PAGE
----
By Eric Schelzig, Associated Press
NASHVILLE, Tenn. (AP) — Lobbyists are scrambling to nail down sponsors for their clients’ key legislative initiatives following House Speaker Beth Harwell’s announcement that she wants to impose a cap on how many bills are filed each year.
Under the Nashville Republican’s proposal, each lawmaker would be limited to 10 bills each legislative session. That comes out to an average of about two bills each for the more than 500 lobbyists registered to ply their trade at the state Capitol.
“When we heard the news I called one of my colleagues and said, ‘The session just started,'” said Mark Greene, the lobbyist for the Tennessee Lobbyists Association who also specializes in the health field. “The experienced, smart lobbyists got engaged that first day or two and went to people and asked them to hold a spot.”
Greene said lawmakers with a reputation for successfully shepherding bills through the legislative process will be in high demand because of the limits.
“It’s going to be very difficult to get a popular sponsor,” he said. “If you wait until session, those guys are going to be filled up.”
Another effect could be that more junior lawmakers get more involved in prominent legislative initiatives than in the past, he said.
Rep. David Hawk of Greeneville has won a new term while facing charges of domestic assault against his wife, unofficial returns indicate.
The Republican lawmaker, who stepped down as chairman of the House Conservation and Enviornment Committee after being charged in March, had 11,382 votes to 8,124 for former Democratic state Rep. Eddie Yokley, according to unofficial returns with most of the vote counted.
ERWIN, Tenn. (AP) — The U.S. Forest Service has completed its purchase of a large undeveloped tract of land in the Appalachians.
The tract, known as Rocky Fork, is nearly 10,000 acres and lies in Unicoi and Greene counties in East Tennessee. The Johnson City Press (http://bit.ly/WvsG15) reported $5 million in funding from the USDA helped it finalized the purchase of 1,200 acres — the last section that was privately owned.
Preserving as much of Rocky Fork as possible became a priority of the U.S. Forest Service when it acquired the first parcel of it in 2008 as the land went up for sale.
In all, the Forest Service has spent $40 million to keep 7,667 acres open for public use. The Conservation Fund owns about 2,000 acres of the tract.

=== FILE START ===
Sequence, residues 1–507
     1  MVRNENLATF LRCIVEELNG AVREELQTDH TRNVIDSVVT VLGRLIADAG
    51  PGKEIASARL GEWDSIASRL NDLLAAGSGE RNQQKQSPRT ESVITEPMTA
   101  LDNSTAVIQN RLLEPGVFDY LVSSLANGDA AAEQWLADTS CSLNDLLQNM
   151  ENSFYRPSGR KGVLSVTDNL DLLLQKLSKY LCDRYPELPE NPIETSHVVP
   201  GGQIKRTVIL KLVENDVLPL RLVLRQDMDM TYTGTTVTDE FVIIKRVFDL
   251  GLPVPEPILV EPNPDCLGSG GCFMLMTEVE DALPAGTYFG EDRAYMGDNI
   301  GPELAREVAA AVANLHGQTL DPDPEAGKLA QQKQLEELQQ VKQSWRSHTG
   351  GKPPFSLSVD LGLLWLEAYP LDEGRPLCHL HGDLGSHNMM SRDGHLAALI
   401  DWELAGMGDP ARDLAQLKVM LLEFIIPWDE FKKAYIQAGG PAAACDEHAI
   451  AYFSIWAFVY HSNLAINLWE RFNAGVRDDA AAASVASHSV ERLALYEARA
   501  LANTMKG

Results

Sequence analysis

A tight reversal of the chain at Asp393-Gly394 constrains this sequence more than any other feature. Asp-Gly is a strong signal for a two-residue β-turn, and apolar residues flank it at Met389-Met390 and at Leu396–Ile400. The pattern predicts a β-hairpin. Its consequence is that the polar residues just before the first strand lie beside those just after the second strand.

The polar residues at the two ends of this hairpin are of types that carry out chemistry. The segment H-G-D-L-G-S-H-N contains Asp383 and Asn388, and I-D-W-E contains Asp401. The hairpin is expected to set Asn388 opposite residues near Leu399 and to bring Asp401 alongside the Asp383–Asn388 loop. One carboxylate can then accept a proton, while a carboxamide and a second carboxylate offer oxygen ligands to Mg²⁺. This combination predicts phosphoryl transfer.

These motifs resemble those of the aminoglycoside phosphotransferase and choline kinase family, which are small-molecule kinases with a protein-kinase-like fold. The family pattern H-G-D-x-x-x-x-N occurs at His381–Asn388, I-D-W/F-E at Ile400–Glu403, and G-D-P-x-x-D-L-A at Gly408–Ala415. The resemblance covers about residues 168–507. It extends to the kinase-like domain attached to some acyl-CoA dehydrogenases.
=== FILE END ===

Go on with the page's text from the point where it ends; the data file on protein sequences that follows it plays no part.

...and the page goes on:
“This final Forest Service acquisition is huge, not only in the number of acres, but in potential economic impacts,” District Ranger Terry Bowerman said in a statement about the purchase. “It will also help conserve and protect many outstanding natural and scenic resources. This is truly a dream come true for many people.”
Sarah Moore Greene, one of Knoxville’s most influential civil rights icons and community leaders, died this morning, reports the News Sentinel. Ms.Greene — who celebrated her 102nd birthday in February — had been recovering from an illness and had been in and out of the Holston Health & Rehabilitation Center for physical therapy after a bout of pneumonia.
John Sibley, 64, Ms. Greene’s godson, said Ms. Greene was taken Monday to the Physicians Regional Medical Center on Broadway because of dehydration.
“She was resting in her room and just slipped away,” he said.
…Greene was the first black member of the Knoxville Board of Education and a Tennessee delegate to the Republican National Convention. She is also a former state and local president of the NAACP and over the years fought for desegregation and civil rights in schools and the wider community.
Every year around her birthday, the students at Sarah Moore Greene Magnet Technology Academy honored her.
The school was named after Greene in 1974 and became a magnet school with a focus on technology in 1996.
From Hank Hayes comes this report on the race in state House District 3: